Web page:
• Erich Wolfgang Korngold (1897–1957): Der Schneemann (“The Snowman”) – When Korngold was 11, he completed the ballet Der Schneemann, or “The Snowman,” and it was performed in the Palace of the Austrian Prime Minister before an audience of astonished adults. The work is based on a commedia dell’arte scenario that had been written by Korngold’s father. The story goes that one wintery evening, the musician Pierrot tries to serenade the beautiful Colombine, but he is rebuffed by her uncle, Pantalon. After children build a snowman in front of Colombine’s window, Pierrot gets the idea to put on the snowman’s outfit and replace it with himself so that he and Colombine may stare longingly at each other through her window. After consuming an entire bottle of wine, Pantalon drunkenly invites the snowman into his house. Pierrot enters and professes his love to Colombine, and the two run away together.

  • Henry Purcell (1659–1695): King Arthur: The Frost Scene – Purcell’s King Arthur, with text by John Dryden, is the finest of his so-called semi-operas. In Dryden’s play, Arthur’s beloved Emmeline has steadfastly refused the advances of the evil magician Osmond. Frustrated, he takes her on a journey of icy landscapes in an effort to demonstrate his magical powers. Unimpressed, she remains true to her Arthur. Catering to the French tastes of King Charles II, Purcell included many references to the operas of Jean-Baptiste Lully. Besides the frozen environment of the third act, which is clearly reminiscent of Lully’s opera Isis, King Arthur includes many chaconnes, minuets, and other French styles. When not entertaining the Royal court, Purcell often socialized with London’s theater crowd. On one particularly cold evening, Purcell’s wife locked him out of the house, as punishment for staying out too late. It is said that his exposure to the frigid air brought on a fatal case of pneumonia.

  • Alexander Glazunov (1865–1936): The Seasons: “Winter” – Following in the footsteps of Antonio Vivaldi and Franz Joseph Haydn, Russian composer Alexander Glazunov wrote a piece in 1900 depicting the four seasons. Glazunov’s work, however, was a ballet choreographed by the famed ballet master Marius Petipa. It’s an allegorical ballet, with different weather phenomena represented by their own dance and music. Winter kicks off the ballet, with depictions of frost, ice, hail, and snow—each with their own showcase. Spring and summer follow, concluding with an autumn bacchanale after the harvest. Glazunov’s Seasons ballet was premiered by the Imperial ballet in 1900, and the performance took place at the Winter Palace, the historic home of the Russian monarchs in St. Petersburg.

  • Einojuhani Rautavaara (1928–2016): Cantus Arcticus – Ever wonder what it sounds like near the chilly frost of the Arctic circle? Finnish composer Einojuhani Rautavaara achieves that with his work Cantus Arcticus. It turns out, the Arctic circle is mostly quiet, except for the bird calls. Rautavaara dubbed this work a concerto for birds and orchestra, and it’s one of the most beloved pieces of contemporary Finnish music. The birdsongs heard in the work are actual recordings of wild northern birds from Finland near the Arctic circle, including migrating swans and birds from the Finnish bogland. Rautavaara, who passed away last year at age 87, was the most notable Finnish composer after Sibelius. He wrote in nearly every major genre, including ten operas, eight symphonies, eleven concertos, and various other works for orchestra, chamber ensemble, or voice. He also wrote in every major style from this time period, including neo-classicism, serialism, chance music, atonal avant-garde, modernism, postmodernism, and tonal neo-romanticism.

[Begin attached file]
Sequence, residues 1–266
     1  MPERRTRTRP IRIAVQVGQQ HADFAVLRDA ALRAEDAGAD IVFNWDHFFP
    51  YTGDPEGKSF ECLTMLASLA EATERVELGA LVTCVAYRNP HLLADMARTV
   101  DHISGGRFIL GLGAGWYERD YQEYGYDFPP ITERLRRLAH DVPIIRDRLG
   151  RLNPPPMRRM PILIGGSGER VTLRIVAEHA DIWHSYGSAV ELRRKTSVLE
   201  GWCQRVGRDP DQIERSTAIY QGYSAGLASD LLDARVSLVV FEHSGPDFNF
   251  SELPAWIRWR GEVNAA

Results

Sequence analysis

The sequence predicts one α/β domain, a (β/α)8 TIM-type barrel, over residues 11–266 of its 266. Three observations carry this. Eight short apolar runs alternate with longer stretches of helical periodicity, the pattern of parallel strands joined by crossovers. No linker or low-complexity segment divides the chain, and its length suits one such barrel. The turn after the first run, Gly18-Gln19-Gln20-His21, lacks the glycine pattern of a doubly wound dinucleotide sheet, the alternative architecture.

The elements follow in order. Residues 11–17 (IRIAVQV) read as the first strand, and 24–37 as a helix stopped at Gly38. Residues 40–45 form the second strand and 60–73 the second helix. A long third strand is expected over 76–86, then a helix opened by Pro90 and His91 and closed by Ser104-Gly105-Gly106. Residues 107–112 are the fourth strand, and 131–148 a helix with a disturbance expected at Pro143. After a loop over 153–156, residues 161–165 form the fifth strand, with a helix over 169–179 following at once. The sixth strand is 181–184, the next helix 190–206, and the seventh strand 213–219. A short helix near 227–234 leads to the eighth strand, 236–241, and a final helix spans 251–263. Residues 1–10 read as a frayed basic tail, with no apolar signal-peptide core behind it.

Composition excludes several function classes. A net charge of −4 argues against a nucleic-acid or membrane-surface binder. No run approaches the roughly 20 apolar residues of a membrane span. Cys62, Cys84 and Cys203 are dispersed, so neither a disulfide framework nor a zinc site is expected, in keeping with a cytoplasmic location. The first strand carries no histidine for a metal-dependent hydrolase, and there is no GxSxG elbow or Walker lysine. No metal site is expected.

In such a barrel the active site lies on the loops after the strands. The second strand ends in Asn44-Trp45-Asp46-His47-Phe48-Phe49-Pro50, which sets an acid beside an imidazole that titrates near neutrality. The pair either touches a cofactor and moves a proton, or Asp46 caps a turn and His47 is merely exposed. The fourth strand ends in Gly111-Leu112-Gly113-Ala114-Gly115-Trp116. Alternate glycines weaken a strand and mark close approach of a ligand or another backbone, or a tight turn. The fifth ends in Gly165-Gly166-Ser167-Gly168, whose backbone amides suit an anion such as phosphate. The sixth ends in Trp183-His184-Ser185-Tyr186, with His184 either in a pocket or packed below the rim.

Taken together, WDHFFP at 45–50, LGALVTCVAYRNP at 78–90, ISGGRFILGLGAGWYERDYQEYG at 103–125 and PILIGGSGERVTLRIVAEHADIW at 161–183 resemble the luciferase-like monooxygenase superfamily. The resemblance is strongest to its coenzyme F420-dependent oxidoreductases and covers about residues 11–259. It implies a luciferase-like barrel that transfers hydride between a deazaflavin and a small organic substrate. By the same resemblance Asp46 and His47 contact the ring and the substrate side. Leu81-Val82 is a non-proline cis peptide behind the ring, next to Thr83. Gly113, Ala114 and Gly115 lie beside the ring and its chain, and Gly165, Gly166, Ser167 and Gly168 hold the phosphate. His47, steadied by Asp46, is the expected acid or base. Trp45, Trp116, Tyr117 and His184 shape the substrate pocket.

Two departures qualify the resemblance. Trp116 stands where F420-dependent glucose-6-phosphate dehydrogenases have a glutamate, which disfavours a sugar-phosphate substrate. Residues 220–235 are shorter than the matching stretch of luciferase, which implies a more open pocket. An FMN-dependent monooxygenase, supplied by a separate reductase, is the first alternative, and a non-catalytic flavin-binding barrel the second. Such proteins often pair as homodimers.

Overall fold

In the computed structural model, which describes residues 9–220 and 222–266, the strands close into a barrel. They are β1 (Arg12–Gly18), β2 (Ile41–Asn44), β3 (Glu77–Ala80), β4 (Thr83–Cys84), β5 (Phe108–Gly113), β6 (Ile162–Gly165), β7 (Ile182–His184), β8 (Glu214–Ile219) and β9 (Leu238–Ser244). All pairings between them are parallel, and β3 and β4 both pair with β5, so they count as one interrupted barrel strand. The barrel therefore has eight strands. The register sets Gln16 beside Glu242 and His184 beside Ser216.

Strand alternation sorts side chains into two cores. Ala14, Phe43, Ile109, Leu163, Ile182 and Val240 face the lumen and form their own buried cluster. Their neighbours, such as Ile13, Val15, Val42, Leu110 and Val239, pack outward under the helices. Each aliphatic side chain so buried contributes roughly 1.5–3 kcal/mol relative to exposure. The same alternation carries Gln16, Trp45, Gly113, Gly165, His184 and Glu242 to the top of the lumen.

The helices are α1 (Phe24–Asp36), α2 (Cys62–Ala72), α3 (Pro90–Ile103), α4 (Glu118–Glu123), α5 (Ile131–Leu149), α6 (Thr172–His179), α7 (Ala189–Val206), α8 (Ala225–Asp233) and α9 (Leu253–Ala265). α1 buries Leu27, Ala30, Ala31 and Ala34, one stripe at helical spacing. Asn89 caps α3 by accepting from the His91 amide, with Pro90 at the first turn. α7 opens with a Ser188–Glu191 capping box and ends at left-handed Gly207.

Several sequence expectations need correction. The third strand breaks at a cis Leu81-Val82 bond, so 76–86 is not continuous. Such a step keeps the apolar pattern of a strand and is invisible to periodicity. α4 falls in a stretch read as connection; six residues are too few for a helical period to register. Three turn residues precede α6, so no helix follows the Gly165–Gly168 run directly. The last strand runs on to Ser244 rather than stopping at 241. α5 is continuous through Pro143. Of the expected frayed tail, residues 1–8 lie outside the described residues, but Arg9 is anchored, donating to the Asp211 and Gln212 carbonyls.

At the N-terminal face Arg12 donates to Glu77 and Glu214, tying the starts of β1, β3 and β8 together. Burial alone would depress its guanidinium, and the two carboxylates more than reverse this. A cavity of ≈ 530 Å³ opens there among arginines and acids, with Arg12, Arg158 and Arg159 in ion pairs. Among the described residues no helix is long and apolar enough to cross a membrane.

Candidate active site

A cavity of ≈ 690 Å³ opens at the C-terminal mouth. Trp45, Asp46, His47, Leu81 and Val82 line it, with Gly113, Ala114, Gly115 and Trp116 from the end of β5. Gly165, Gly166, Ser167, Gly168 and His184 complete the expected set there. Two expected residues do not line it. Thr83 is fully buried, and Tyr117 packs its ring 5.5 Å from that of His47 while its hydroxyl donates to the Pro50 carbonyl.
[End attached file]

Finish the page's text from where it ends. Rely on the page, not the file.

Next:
And just for fun…

  • Jule Styne and Sammy Cahn, “Let It Snow! Let It Snow! Let It Snow!” – “Let It Snow! Let It Snow! Let It Snow!” is one of those perennial favorites around Christmas time, although it’s not really a “Christmas song.” It never mentions the holiday—just the cold weather. It was written in 1945 by songwriters Jule Styne (who pronounced his first name like “Julie”) and Sammy Cahn. The songwriting team of Styne and Cahn collaborated on a number of hits from the Great American Songbook, including the Academy-award winner “Three Coins In The Fountain.” While “Let It Snow! Let It Snow! Let It Snow!” may conjure up images of a frightful winter storm and a cozy fire, it was not what these songwriters were experiencing when they wrote it. In order to have holiday songs written and recorded by the holiday season, songwriters needed to get an early start. Styne and Cahn wrote “Let It Snow” in July, during a heat wave in California!

Don’t forget to check out our chilly podcast if you want to continue to “Be Cool”!

Music Heard On This Episode